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From Idea to Life-Saving Innovation

Only through innovation will we find new treatments and solutions with which to meet challenges of chronic diseases.

By Toby Cosgrove . 01 October 2015

Every year, thousands of people with life-threatening aortic valve disease are told they are too old, too sick or too frail to undergo reparative surgery. Many hospitals are able to tell these patients what’s wrong with them. The vast majority will also tell them they’re simply out of luck.


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At Cleveland Clinic, we found this practice to be unacceptable. Through extensive research and innovation, we pioneered a new, minimally invasive procedure – transcatheter aortic valve replacement (TAVR) – to treat these previously ‘untreatable patients’. It is just one of many innovations helping America cope with the diseases of aging. 


As innovative as medicine already is, though, I believe we can do far better. Currently, it takes 13 years to take a new healthcare innovation from a proven benefit to an established standard of care. We need to reform our complex medical institutions so that they energise innovation through a culture that does not automatically discourage the new and untried.

Medicine attracts smart people, many of whom have great ideas. An idea, though, is just the beginning - to become an innovation, an idea must be effectively deployed for the benefit of patients and organisations. At Cleveland Clinic, we’ve developed the acronym INVENT: 


  • Ideas
  • Need
  • Viability
  • Enhancement
  • Negotiations
  • Translation. 


We’ve also established a dedicated in-house team called CC Innovations, which manages the INVENT process from beginning to end. Clinical and research areas both have embedded innovations managers and peer review committees, and all of our caregivers have access to an online Innovation Toolkit that guides them through the process of submitting an idea and making it viable.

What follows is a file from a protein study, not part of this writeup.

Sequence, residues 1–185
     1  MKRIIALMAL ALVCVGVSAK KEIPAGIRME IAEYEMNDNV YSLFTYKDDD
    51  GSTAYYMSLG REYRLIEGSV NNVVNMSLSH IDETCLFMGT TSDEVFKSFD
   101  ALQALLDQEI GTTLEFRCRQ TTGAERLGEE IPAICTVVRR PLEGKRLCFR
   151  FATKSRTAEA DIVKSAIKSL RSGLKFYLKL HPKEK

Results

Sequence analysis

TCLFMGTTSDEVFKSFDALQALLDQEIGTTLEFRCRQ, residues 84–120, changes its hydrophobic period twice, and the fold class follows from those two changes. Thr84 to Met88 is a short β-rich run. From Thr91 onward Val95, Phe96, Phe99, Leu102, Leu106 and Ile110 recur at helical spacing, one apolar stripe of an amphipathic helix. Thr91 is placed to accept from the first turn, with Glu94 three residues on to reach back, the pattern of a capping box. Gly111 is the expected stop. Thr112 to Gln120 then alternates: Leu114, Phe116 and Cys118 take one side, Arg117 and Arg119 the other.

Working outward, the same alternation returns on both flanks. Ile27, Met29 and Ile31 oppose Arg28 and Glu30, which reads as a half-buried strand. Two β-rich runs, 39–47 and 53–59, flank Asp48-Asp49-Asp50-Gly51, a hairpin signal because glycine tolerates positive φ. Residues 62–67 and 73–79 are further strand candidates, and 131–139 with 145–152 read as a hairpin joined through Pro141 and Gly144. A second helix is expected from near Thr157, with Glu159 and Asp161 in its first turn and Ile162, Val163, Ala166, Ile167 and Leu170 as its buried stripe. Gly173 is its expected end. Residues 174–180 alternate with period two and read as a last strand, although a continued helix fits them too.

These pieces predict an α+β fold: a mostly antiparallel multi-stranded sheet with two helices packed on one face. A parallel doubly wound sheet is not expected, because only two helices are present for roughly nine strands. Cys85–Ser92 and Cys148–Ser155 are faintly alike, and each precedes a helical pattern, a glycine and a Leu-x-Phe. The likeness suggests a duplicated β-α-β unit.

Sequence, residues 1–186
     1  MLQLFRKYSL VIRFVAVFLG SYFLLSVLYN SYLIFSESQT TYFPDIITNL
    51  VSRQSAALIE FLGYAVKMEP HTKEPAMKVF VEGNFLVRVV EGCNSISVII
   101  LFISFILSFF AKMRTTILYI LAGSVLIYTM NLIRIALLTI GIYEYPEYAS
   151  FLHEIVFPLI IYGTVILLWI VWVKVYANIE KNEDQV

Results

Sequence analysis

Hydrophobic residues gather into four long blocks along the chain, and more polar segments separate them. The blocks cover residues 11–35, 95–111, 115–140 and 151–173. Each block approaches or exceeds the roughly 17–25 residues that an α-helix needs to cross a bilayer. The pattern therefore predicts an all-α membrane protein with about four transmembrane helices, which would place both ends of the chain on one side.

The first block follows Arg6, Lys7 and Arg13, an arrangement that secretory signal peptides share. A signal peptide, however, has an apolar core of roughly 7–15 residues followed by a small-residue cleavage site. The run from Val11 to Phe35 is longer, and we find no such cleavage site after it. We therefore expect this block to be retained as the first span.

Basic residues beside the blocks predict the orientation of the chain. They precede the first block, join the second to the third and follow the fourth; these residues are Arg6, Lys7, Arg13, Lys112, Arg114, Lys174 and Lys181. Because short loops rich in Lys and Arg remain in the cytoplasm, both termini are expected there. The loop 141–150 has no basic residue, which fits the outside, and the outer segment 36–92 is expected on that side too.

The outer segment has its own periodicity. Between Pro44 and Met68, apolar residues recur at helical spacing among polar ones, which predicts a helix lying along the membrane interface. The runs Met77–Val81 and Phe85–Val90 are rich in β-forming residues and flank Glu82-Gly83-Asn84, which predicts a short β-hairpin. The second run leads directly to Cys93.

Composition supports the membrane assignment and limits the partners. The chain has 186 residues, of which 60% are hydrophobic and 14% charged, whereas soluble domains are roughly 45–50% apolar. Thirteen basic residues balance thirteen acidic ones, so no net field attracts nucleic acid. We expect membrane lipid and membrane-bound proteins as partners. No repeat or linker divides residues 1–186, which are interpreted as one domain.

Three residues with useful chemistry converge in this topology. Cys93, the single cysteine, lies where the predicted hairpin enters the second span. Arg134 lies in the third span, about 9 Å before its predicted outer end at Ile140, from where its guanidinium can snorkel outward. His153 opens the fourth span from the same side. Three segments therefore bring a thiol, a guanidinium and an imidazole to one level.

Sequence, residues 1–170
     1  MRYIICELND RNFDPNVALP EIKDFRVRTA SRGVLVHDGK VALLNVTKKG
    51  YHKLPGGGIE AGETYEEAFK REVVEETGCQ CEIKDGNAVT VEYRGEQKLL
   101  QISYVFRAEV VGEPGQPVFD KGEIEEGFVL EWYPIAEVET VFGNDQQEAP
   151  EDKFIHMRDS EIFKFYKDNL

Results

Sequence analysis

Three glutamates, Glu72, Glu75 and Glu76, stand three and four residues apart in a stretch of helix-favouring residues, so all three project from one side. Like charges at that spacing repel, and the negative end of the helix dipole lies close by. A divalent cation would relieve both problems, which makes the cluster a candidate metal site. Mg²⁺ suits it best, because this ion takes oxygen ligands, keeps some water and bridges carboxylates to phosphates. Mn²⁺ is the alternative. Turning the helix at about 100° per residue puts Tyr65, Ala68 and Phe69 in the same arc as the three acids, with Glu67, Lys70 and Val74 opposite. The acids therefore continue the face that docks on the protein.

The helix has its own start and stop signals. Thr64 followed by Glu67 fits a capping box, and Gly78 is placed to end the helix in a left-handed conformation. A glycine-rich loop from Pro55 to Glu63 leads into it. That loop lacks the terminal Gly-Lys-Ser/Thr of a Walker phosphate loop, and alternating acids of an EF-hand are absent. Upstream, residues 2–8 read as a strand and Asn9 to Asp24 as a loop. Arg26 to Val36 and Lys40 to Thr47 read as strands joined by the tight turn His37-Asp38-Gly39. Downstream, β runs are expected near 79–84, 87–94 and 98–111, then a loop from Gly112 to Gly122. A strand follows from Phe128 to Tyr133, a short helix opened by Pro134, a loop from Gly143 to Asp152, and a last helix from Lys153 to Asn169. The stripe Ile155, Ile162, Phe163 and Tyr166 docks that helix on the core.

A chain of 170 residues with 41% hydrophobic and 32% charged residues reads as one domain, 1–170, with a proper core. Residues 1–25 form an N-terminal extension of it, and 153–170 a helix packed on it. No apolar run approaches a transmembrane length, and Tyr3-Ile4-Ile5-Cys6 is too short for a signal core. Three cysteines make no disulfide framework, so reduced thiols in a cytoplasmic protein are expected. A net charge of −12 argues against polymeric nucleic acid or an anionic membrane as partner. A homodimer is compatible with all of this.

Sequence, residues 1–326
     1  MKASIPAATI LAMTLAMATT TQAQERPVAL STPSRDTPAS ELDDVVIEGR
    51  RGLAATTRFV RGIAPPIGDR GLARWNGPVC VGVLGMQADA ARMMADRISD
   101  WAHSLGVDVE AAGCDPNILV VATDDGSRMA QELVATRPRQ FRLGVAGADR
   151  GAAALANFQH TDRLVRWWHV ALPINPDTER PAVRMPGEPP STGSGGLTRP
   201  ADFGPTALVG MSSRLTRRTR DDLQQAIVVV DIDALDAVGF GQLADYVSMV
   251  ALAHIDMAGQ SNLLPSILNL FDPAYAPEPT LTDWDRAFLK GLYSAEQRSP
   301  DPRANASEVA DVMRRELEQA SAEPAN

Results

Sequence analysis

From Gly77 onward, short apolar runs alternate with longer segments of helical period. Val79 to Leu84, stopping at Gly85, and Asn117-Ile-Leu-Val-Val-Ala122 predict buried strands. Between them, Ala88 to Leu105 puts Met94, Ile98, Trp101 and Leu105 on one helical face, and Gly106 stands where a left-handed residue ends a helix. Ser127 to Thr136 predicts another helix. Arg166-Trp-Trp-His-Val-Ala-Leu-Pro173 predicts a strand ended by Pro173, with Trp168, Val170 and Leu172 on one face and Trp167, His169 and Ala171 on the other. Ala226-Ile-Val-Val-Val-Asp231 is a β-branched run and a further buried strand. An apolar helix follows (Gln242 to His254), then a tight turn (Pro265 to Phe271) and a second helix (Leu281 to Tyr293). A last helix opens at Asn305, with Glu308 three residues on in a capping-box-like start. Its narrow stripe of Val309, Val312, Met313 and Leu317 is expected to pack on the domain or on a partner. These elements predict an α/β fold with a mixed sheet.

The process works. Over the past 14 years, CC Innovations has spun off almost 75 companies, manages close to 450 active royalty-bearing licenses, and has attracted more than US$1bn in equity investments.

Explorys is one of those spin-offs. The company began six years ago as an idea by a Cleveland Clinic physician who suspected that patient medical records contained a treasure trove of data that could lead to better treatments for his diabetes patients. From that idea, Explorys has grown into one of the largest healthcare databases in the world, with access to the anonymous medical records of 50 million patients. In an era when American healthcare is increasingly focused on patient outcomes and efficiency, Explorys has found a way to scan big data for disease patterns and treatment outcomes for millions of patients, leading to data-based best practices.

As further proof that Explorys hit the target, the company was recently purchased by IBM, where it will be incorporated into IBM's Watson business unit.

Such business successes are gratifying, but ultimately our business is saving lives, promoting health, and meeting the long-term challenges of chronic disease. Only through innovation and subsequent successful deployment will we find new treatments and solutions with which to meet these challenges.

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